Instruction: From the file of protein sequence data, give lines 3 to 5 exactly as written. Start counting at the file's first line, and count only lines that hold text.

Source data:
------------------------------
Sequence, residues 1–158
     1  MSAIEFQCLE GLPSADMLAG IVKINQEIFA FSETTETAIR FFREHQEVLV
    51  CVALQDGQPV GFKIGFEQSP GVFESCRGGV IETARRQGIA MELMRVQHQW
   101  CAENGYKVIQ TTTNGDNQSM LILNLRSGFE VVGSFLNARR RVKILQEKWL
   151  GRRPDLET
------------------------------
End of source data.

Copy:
    51  CVALQDGQPV GFKIGFEQSP GVFESCRGGV IETARRQGIA MELMRVQHQW
   101  CAENGYKVIQ TTTNGDNQSM LILNLRSGFE VVGSFLNARR RVKILQEKWL
   151  GRRPDLET